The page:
Huck's apology to Jim is very significant because with this act, Huck acknowledges an equality between him and Jim; he begins to perceive Jim as fully a human being about whom he has genuine affection.
In Chapter XV Jim and Huck try to reach Cairo, Illinois, where they can connect with the Ohio River so that they get transportation to the free states. But, on the second night, a heavy fog comes up as Huck paddles ahead with the line from the raft. He can find nothing but saplings to tie the raft, and the raft breaks free. Consequently, Jim and Huck become separated as Huck goes downriver on one side of an island, and Jim down the other. As a result, there is no way for them to find each other in the fog.
When Huck does find Jim the next day, Jim is asleep with his one arm over the the steering oar. Huck ties the canoe and lies down under Jim pretending that he was merely asleep and does not know what really happened. Jim is so elated to see Huck that he cries, but after he figures out that Huck is having fun with him, Jim's feelings are really hurt. He scolds Huck,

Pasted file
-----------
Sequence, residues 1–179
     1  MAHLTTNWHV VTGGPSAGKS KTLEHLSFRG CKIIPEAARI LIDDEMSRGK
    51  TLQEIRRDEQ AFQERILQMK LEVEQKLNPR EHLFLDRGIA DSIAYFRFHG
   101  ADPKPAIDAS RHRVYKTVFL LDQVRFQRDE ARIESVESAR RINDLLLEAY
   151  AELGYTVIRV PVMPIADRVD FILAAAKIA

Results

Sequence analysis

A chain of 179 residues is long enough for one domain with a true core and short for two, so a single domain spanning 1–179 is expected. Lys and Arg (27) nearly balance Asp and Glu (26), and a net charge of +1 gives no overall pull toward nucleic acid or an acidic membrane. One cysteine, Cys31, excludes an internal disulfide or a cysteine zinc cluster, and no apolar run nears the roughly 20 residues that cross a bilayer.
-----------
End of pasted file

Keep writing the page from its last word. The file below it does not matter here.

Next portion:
"....I could a got down on my knees en kiss' yo' foot I's so thankful. En all you wuz thinkin' 'bout wuz how you could make a fool uv ole Jim wid a lie...."
Following Jim's words, Huck feels ashamed of himself. Still he holds the conventional thinking of other Southerners. After a while, however, Huck breaks from this conventional wisdom without regret:
It was fifteen minutes before I could work myself up to go and humble myself to a n****r--but I done it, and I warn't ever sorry for it afterwards, neither. I didn't do him no more mean tricks, and I wouldn't done that one if I'd a knowed it would make him feel that way.
More and more, Huck realizes that Jim is a sensitive human being with genuine affection for Huck. He, too, cares about Jim as he regrets having hurt the man's feelings.